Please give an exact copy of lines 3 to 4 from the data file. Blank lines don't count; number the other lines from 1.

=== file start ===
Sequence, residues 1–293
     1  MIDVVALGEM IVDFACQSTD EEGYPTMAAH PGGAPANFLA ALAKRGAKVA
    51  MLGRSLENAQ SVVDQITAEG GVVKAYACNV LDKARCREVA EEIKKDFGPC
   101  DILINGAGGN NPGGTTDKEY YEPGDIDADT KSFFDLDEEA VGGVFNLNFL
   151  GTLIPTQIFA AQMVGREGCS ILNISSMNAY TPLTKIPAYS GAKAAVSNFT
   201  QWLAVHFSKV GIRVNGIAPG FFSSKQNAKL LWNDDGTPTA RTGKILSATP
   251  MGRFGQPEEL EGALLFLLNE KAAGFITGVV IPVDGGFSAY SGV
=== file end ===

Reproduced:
    51  MLGRSLENAQ SVVDQITAEG GVVKAYACNV LDKARCREVA EEIKKDFGPC
   101  DILINGAGGN NPGGTTDKEY YEPGDIDADT KSFFDLDEEA VGGVFNLNFL